This course focuses on the science of addictions and co-occurring disorders and how myths and beliefs effect policy, programming and practice. Students get the oppprtunity to explore cultural myths, beliefs, stigma and prejudices regarding addictions (alcohol, illicit drugs, prescription drugs, as well as eating disorders, tobacco, and gambling), and co-occurring disorders that becomes national and state policy and programming.
SW 819 - Addiction Recovery
This course describes the theory, science and practice of recovery management; including addiction and co-occurring disorders emerging and innovative treatment models and practices, continuity of care and systems of care as they relate to long-term recovery. The integration of addiction and co-occurring treatment with mutual aid and self-help recovery resources. Processes that promote recovery, acute care models and the locus of service delivery. There will be a focus throughout on evidence based practices, emerging practices, innovative treatments and initiatives and long-term trajectories of recovery (population specific). Recovery-focused behavioral health care system transformation and recovery oriented systems of care are examined, as well as challenges and successes through links to the community and collaboration strategies for policy, political and fiscal change, as well as the future of addiction treatment and recovery and recovery-oriented systems of care with a broad range of approaches, models and initiatives.
SW 820 - Social Welfare Policy I
The aim of this course is to prepare students to act as informed human service professionals through a better understanding of social problems, social welfare policy, and the American social welfare system. Students are provided with an overview of the origins and development of social welfare policy in the United States, the political processes in our federal and state systems, and the values and ethics which shape our present social welfare system. The course also helps students examine ways they can influence policy formulation while advocating for human rights and social/economic justice.
SW 830 - Social Work Practice I
Basic concepts, theories, and skills of social work practice. Lectures and discussions, readings and written exercises, and laboratory and practice sessions. Students use the experiential parts of the course (laboratory and interview simulations) to apply the conceptual and theoretical knowledge.
SW 831 - Social Work Practice II: Practice in Small Groups and Community Organizations
Continuation of Social Work Practice I with the further aim of introducing students to social work with groups and communities as models of social work practice.
SW 840 - Implications of Race, Culture, and Oppression for Social Work Practice
This foundation course is designed to increase students awareness of historical, social, political, economic and cultural aspects of micro- and macro-level oppression directed at minorities. Course materials focus on insidious societal forces that shape and profoundly alter life experiences of large numbers of people, with special attention to social relationships that promote the welfare of some, while limiting opportunities and choices for others, including racial and ethnic minorities, children, women, the poor, persons with disabilities, GLBTQ individuals, and others. Students consider practice issues in multicultural SW.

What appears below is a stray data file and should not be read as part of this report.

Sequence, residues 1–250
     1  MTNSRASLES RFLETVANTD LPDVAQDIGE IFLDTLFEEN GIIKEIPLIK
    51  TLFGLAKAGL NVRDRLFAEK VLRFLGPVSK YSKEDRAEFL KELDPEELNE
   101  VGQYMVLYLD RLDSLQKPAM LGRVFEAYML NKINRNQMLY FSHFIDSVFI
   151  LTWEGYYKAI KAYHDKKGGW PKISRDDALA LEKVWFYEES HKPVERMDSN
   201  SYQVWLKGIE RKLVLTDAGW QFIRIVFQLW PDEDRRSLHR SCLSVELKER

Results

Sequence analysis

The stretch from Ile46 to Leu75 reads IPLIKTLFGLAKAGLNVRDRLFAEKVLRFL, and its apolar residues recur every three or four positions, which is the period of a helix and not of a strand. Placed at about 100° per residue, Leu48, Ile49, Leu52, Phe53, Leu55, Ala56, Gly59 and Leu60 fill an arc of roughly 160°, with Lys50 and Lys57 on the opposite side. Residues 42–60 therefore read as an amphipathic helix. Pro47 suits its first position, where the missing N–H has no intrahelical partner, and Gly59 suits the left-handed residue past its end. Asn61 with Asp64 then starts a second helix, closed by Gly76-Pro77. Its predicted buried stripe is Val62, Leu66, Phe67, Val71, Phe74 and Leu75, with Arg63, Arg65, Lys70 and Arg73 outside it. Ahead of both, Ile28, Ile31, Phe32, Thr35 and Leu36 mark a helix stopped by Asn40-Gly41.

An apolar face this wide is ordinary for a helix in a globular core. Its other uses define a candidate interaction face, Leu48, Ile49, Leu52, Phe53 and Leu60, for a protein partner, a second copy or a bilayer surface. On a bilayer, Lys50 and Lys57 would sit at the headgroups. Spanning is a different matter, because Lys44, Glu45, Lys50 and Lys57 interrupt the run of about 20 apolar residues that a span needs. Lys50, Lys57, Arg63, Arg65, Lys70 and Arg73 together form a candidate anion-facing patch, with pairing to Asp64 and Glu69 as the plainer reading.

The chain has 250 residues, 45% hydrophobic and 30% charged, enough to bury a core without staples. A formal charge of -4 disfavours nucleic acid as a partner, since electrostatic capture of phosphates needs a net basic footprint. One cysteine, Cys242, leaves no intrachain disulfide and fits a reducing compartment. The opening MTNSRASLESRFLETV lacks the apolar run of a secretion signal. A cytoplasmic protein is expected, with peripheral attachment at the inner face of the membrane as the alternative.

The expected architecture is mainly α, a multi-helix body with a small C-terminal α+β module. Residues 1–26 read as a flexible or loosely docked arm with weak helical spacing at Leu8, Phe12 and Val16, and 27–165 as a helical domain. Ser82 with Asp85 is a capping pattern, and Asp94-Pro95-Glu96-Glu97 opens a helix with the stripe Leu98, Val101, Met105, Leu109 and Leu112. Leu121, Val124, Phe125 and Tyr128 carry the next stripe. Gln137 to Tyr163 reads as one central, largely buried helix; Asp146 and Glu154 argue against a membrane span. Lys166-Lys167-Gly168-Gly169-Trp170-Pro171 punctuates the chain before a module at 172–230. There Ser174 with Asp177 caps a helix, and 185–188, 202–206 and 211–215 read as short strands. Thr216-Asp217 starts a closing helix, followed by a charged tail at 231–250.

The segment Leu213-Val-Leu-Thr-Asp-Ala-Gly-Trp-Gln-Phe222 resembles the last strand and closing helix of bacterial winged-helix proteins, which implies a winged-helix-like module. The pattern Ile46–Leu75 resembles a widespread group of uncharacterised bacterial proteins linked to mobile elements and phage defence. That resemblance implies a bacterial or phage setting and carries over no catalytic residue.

SW 850 - Human Behavior and the Social Environment I
In this course, students learn about behavior and development and its context across the lifecycle. The semester addresses growth and development from the prenatal period through the end of life using social systems theory/person-in-the-environment as a conceptual framework. The different systems that impact individual development including family, community, and larger systems are examined. Human worth and social justice themes permeate course materials, class disucussions, and activities.
SW 851 - Human Behavior and the Social Environment II
In this course, students learn about behavior and development and its context across the life cycle from a macro systems perspective. The macrosystems that impact individual development are examined. Societal forces that are often invisible shape and profoundly alter life experiences of larger numbers of people. HSBE II pays special attention to social relationships that promote welfare of some while limiting opportunities and choices for others. the semester explores the influence of class, gender, race, ethnicity, religion, age, sexual orientation, and other aspects of diversity on development and behavior of larger systems.
SW 860 - Research Methods in Social Work
Designed to acquaint degree students with the concepts and skills necessary to carry out research in social work practice. Particular emphasis placed on methodological issues related to research in a variety of practice contexts. Although the skills necessary to review research critically are examined, the primary emphasis is on preparing the student to carry out research related to practice.
SW 865 - Adventure Therapy: Facillitation and Processing of the Experience
This class will familliarize students with a variety of active assessment facillitation and processing skills which can be used with clients when engaging in adventure therapy. Students will be given multiple opportunities to practice these skills to gain a better understanding of their own facillitation and processing skills, and how to use adventure activities as a therapeutic tool in the clinical practice. Active participation required. Open to both social work and non-social work graduate students. Special fee.